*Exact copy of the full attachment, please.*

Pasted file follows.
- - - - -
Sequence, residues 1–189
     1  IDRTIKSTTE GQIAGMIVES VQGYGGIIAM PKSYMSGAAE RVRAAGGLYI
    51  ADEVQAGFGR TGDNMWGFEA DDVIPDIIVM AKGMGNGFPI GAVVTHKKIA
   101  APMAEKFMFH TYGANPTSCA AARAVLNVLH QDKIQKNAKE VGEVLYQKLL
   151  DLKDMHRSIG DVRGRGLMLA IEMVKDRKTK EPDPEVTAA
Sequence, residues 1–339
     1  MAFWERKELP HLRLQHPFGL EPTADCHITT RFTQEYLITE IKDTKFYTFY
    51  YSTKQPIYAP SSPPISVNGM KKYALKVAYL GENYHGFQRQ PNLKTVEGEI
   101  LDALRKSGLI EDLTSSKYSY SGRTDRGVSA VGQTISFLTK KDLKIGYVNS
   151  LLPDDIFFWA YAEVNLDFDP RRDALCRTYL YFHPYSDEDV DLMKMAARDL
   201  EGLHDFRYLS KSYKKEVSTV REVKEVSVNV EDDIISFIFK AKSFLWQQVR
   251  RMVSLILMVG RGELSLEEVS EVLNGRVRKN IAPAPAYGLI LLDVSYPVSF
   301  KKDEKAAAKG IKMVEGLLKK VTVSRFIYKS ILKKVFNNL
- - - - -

Sequence, residues 1–189
     1  IDRTIKSTTE GQIAGMIVES VQGYGGIIAM PKSYMSGAAE RVRAAGGLYI
    51  ADEVQAGFGR TGDNMWGFEA DDVIPDIIVM AKGMGNGFPI GAVVTHKKIA
   101  APMAEKFMFH TYGANPTSCA AARAVLNVLH QDKIQKNAKE VGEVLYQKLL
   151  DLKDMHRSIG DVRGRGLMLA IEMVKDRKTK EPDPEVTAA
Sequence, residues 1–339
     1  MAFWERKELP HLRLQHPFGL EPTADCHITT RFTQEYLITE IKDTKFYTFY
    51  YSTKQPIYAP SSPPISVNGM KKYALKVAYL GENYHGFQRQ PNLKTVEGEI
   101  LDALRKSGLI EDLTSSKYSY SGRTDRGVSA VGQTISFLTK KDLKIGYVNS
   151  LLPDDIFFWA YAEVNLDFDP RRDALCRTYL YFHPYSDEDV DLMKMAARDL
   201  EGLHDFRYLS KSYKKEVSTV REVKEVSVNV EDDIISFIFK AKSFLWQQVR
   251  RMVSLILMVG RGELSLEEVS EVLNGRVRKN IAPAPAYGLI LLDVSYPVSF
   301  KKDEKAAAKG IKMVEGLLKK VTVSRFIYKS ILKKVFNNL